Google has been in the press again recently regarding its attempted acquisition of Groupon the social consumer discounts group late last year.
The controversy of the buyout failure follows in the wake of the recent takeover of motorola smart phones and tablets which cost Google around $12bn USD.
The main questions that have been raised are around the valuation of the groupon business and the amount Google put forward for the offer.
The benefit of the Motorola buyout for Google is clear: by buying the smartphone and tablet arm of the motorola business google secures itself the ability to fully compete with apple in a manner not seen before in the open handset alliance.
It controls both OS development and the design of its own hardware for use with its android platform, thus cutting out the middleman and allowing better coordination between android developers and googles new hardware manufacturers.
Hopefully for consumers and fans of android in particular this will mean that the android platform will be better placed to launch a groundbreaking integrated system using spefically designed tablets and phone handsets which will allow increased functionality and coordination between said devices.
The reports initially varied and several red-herrings were quickly identified such as claims that the deal was already done for $2bn. However at the end of day when Google had its offer refused whispers were that the price had rocketed to between five and six billion US dollars.
This figure does seem outlandish and several analysts were quick to condemn the offer as "frivolous," and in one editors eyes "crazy (with a capital C),"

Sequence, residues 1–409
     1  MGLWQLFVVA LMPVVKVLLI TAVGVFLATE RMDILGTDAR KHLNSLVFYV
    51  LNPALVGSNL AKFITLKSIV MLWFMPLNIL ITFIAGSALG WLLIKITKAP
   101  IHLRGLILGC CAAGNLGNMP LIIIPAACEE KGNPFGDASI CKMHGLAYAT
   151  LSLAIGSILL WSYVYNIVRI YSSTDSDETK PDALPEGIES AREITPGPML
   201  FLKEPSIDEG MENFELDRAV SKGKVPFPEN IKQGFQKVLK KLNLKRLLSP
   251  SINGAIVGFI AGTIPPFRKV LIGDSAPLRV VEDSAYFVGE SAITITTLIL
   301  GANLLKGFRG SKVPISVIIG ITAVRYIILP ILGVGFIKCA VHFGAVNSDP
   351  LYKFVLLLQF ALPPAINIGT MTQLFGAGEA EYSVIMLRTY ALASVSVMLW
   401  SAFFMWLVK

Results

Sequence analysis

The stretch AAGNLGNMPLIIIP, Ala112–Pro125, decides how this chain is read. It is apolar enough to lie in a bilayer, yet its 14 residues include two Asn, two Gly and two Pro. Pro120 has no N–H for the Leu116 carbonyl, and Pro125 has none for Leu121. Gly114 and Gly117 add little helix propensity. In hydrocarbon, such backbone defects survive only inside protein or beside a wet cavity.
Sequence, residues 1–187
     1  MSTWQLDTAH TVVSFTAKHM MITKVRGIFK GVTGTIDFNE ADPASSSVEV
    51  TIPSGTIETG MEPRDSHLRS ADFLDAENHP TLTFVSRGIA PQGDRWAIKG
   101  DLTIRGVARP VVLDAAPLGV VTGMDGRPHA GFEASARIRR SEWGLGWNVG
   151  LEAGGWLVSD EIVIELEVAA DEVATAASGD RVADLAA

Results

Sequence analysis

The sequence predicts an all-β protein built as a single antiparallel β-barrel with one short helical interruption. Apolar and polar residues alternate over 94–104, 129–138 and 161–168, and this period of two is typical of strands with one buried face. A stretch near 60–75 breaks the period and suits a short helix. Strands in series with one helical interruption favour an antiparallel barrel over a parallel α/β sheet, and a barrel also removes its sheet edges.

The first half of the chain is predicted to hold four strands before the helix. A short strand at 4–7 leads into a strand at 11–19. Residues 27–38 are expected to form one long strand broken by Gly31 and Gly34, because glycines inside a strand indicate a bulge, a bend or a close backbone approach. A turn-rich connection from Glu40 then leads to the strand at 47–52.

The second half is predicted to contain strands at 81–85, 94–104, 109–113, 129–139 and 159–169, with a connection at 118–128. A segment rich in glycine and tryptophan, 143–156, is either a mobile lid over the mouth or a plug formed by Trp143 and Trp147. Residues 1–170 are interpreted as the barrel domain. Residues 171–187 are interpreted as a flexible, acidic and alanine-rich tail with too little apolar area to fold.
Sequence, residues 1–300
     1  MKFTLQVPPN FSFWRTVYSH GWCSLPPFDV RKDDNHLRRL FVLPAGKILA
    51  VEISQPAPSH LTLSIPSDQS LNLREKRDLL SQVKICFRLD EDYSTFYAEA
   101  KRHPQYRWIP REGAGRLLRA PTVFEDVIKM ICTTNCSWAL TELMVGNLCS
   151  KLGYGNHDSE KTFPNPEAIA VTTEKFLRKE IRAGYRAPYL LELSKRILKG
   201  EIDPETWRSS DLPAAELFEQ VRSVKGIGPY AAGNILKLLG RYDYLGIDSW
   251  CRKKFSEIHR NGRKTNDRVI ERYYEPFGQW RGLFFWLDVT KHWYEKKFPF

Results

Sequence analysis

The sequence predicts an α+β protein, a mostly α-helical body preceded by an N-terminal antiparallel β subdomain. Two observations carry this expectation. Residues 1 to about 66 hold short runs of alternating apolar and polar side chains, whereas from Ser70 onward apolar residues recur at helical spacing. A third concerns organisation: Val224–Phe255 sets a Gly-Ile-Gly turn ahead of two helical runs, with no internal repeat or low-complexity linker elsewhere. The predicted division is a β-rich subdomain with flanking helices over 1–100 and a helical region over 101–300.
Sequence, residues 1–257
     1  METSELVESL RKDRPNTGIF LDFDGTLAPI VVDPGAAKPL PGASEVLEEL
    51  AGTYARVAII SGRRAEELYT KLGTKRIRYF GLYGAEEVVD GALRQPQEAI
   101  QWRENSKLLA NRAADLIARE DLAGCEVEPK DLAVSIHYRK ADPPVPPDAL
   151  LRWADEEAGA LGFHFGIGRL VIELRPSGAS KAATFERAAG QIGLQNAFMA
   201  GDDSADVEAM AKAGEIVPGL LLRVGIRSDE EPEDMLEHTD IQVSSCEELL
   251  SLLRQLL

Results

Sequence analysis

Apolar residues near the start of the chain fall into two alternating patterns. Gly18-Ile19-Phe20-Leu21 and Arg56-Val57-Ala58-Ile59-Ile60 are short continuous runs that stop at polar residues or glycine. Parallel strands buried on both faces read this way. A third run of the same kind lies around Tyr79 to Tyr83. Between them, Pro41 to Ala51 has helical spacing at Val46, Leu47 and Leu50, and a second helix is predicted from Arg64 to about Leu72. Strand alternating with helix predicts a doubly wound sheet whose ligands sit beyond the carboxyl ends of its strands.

While it is true that Google is racking up the bill on its latest spending spree lets not forget that under its growing empire of interests lies a stash of cash reported to be in excess of $30bn in liquid assests.
Google now has its fingers in many pies including Social networking, advertising, television, internet hosting, cloud computing, social media and now thanks the moto sale: mobile software and hardware, tablet computing software and hardware. Not to mention the sweetner package of more than 17000 patents and patents pending: again from Moto.
The buyout of Groupon would have been the biggest and most expensive acquisition since DoubleClick in 2007 which cost an estimated $3.1bn.
Critics of Google's willingness to pay such high amounts at the drop of a hat are claiming that it is senseless waste of capital when other Groupon competitors could be bought at less cost and acheive the same ends.
In truth this has always been the most sensible option for a company like Google.
They are in a position to buy both the company and the brand name which means not only do they receive heavy word of mouth advertising and press interest in the buyout but they have to spend less on marketing too. Also when moving into a new market buying out a competitor almost always requires some level of business overhaul on acquisition to bring it up to a level of strong competition which will give the best chance of a return on your investment which will require yet more money and since google have the spare cash why not go for the market leader? Not to mention the acquisition of such a large proportion of the deal-of-the-day market share by acquiring the market leader giving google less need to promote whatever aspirations they have for Groupon.
The same applied when they bought out YouTube. Why go after a cheap dying goose that lays silver eggs and spend a shed load of money nursing it to health and gold plating its eggs when you could just buy the golden goose?